I had approached a recent 10 day summer holiday in Scotland with a bit of trepidation, expecting endless cold rain and being stuck in pubs eating chips for lack of any other food. Instead, it was unexpectedly filled with mostly sunshine and great vegan food. Except for having to eat a potato chip sandwich and cashews during a 17 mile hike, I found vegan food everywhere–even in a tiny town with only one pub. Another memorable hike was one with endless wild blackberry bushes; those berries not eaten instantly were picked and turned into jam that evening and enjoyed for the remainder of the trip on crackers. And, best of all, Glasgow was crowned with the glorious title of being the vegan capital of the UK.
Though most of my time was spent traipsing across stunning, boggy and rocky landscapes of the Western Highlands and Inner Hebrides, which gave me lots of time for contemplation before Rosh Hashana, I did carve out a bit of time for Jewish exploration in Glasgow. The city is home to the majority of Scottish Jews (currently about 4,000 people). While touring the 12th century Glasgow Cathedral, I saw Hebrew writing etched into a pillar (as an aside, the room was filled with an ill-placed bizarre temporary exhibit of iconic global sites made with Legos by a 50+ year old man).
Upon inquiring at the information desk about the Hebrew, I was told by two cheery volunteers dressed in matching royal blue robes-who firmly corrected each other and engaged in ironic and witty disagreements like an old married couple (but shuddered when asked if this was true)–that it was done anywhere from “a very long time ago” to maybe the 1880s and perhaps done by “some drunk Jewish guy one night”. Though the answers to my questions still left me confused, the hilarity of the guides made the entire visit even more worthwhile.
After visiting the Cathedral, a walk across central Glasgow took me to the historic Garnethill synagogue, built in the 1880s. Unfortunately, it was closed when I visited but the stunning, elegant building was nestled amongst old trees and bushes. A Scottish woman I know who was married at the synagogue explained that as the Jewish population of Glasgow has shrunk (from about 10,000), congregations have combined and/or closed. This synagogue, though, is still fully in use and also houses the Scottish Jewish Archives.
This day in Glasgow was also marked by delicious meals at two vegan restaurants. Dinner was at 78, a cozy, inviting restaurant with large wooden tables, low ceilings, a fireplace and patrons from all walks of life. After a chilly day mixed with intermittent downpours, a bowl of their warm pea and mint soup was especially memorable. I have now learned that this is a common British dish but not something I had eaten before. It was soothing, creamy and perfect for the weather. It was a delicate, creamy soup in a shade of yellow/green that was reminiscent of some of the boggy fields I had hiked through during my trip. The mint was very subtle with the peas being the dominant flavor.
It also made me think that it would be an excellent dish to break the Yom Kippur fast. I do not do well at break-fasts that are laden with heavy sugar, oily foods and breads. My body cannot digest them after fasting all day and lighter foods feel best. This soup is easily digestible and gives your body both much needed liquid and nutrients after a day of fasting. And a synagogue I attend has an abundance of mint growing in its herb garden, making it an even more enticing dish with freshly picked mint.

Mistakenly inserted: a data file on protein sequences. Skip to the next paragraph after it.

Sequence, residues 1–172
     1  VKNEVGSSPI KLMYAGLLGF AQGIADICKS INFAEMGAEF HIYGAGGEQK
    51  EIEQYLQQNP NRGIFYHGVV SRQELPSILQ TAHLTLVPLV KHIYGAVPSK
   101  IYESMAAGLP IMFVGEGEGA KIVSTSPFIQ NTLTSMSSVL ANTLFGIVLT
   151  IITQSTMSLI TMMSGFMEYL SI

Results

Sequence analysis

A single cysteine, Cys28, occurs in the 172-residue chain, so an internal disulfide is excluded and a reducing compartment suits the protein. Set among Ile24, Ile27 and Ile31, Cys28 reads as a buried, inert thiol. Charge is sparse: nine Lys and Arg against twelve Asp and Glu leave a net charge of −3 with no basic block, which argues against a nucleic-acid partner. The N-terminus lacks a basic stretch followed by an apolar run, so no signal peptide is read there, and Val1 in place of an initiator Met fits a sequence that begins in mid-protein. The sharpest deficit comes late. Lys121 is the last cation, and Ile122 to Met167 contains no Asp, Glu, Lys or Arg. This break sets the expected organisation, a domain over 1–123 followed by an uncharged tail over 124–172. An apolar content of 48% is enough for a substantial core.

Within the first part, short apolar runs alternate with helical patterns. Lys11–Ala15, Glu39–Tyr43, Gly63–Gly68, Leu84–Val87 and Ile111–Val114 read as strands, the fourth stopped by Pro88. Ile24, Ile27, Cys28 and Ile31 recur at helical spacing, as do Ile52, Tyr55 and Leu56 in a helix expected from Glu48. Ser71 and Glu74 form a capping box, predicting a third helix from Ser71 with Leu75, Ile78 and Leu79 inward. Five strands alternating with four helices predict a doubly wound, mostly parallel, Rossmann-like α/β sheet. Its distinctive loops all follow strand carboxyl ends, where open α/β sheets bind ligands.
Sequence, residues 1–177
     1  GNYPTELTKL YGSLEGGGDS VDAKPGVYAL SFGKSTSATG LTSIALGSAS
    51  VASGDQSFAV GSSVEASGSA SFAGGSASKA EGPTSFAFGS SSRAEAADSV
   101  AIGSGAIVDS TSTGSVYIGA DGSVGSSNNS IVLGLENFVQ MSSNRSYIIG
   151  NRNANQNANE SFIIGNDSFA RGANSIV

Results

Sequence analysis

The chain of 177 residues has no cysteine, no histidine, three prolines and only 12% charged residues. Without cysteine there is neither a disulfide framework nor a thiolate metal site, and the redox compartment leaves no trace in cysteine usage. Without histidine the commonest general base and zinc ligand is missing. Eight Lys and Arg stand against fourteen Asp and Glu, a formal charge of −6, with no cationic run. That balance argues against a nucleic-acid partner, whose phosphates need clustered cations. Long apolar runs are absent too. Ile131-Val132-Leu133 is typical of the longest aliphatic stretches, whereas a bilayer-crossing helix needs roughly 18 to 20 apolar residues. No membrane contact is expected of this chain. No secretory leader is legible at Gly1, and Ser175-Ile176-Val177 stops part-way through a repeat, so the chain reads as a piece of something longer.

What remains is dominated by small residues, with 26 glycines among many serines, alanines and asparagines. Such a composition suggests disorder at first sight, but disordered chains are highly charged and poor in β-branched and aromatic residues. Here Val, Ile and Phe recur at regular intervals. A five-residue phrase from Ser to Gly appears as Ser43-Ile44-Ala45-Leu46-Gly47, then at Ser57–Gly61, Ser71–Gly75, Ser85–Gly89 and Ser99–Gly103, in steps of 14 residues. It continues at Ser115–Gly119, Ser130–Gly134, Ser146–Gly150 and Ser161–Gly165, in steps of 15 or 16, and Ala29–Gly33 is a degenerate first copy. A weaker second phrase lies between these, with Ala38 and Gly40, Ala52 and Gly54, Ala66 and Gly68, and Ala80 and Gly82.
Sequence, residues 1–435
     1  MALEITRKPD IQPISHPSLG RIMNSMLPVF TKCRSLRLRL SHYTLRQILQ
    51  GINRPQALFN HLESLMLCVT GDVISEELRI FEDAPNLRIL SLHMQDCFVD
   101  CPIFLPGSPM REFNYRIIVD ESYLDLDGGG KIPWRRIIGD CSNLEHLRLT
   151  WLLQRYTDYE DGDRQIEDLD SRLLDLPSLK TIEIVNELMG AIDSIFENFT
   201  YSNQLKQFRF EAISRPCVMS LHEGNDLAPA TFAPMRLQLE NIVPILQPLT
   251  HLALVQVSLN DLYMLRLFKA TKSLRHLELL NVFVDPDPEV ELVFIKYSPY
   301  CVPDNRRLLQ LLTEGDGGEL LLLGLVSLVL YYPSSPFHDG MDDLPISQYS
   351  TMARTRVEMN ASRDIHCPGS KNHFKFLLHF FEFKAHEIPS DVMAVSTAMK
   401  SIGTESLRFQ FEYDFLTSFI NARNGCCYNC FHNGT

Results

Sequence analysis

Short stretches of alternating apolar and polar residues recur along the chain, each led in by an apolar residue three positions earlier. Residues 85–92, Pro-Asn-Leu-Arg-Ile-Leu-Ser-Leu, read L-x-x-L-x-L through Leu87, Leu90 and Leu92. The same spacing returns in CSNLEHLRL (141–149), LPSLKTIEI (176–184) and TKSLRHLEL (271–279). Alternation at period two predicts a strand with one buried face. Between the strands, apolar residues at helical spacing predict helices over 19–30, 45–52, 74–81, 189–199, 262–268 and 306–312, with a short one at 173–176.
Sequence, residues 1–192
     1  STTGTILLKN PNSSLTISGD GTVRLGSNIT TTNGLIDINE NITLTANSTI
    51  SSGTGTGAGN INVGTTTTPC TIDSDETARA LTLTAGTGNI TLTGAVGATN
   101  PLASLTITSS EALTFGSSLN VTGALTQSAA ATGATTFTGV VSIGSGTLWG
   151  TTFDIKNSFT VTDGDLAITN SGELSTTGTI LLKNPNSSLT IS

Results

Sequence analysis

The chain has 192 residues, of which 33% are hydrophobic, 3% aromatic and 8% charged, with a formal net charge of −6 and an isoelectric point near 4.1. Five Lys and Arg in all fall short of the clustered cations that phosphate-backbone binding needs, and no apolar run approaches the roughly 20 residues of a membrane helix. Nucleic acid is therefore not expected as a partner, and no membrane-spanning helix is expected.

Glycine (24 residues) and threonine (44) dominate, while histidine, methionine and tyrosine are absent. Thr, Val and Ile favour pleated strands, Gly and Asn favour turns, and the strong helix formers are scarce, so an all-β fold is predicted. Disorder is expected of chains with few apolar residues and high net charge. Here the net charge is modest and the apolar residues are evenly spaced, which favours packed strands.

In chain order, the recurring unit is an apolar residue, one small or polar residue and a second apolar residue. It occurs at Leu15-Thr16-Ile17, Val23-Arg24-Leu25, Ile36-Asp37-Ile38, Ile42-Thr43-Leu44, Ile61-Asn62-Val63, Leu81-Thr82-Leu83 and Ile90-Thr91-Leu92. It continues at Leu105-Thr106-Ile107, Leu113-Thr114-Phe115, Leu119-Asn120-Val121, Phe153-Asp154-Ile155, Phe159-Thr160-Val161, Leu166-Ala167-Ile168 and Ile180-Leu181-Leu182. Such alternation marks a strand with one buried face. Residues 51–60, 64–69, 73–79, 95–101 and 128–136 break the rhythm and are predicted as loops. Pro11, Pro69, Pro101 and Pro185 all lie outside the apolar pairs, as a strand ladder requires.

Pea and Mint Soup
1/4 white onion finely chopped
1-2 cloves garlic, finely chopped
1.5 tbsp mint, chopped
2 cups peas (fresh or frozen)
2 cups vegetable broth
1.5 cups plain soy milk
1 medium potato, parboiled and chopped
1/2 tbsp olive oil
salt and pepper to taste
1. Bring a small pot of water to a boil. Add the potato and parboil it. Remove and chop into pieces.
2. In a medium-sized pot, on medium heat, add the olive oil and heat until warm. Add the onions, garlic, mint and potato. Mix well and cook on low heat for about five minutes.
3. Fold in the peas.
4. Add the liquids and mix well. Bring to a boil and then reduce to a simmer for 5-10 minutes.
5. Add salt and pepper to taste.
6. Remove from heat and add to a blender to puree.
7. Serve warm with a drizzle of olive oil.
Wishing you an easy and meaningful fast!
PS: For my other Yom Kippur recipes, click here.
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Enjoyed reading your post, Sarah. My grandpa was from Glasgow and its Jewish community, so interesting to read a bit about it. I’m afraid I’m of the ilk that goes a bit bananas on the food stakes post-Yom Kippur! But something lighter I’m sure is much more healthy..
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So glad you enjoyed reading the post. And, very interesting about your grandfather–it’s such a small community and must be a treasure of interesting stories. Hope you had a good YK fast & breakfast.
Thanks Sarah! In fact, I’m in the midst of writing a blog-post about my family migrating from East Europe to Glasgow at the turn of the 19th Century, and about a particular story about Grandpa, so it’s very much in my mind at the moment!..
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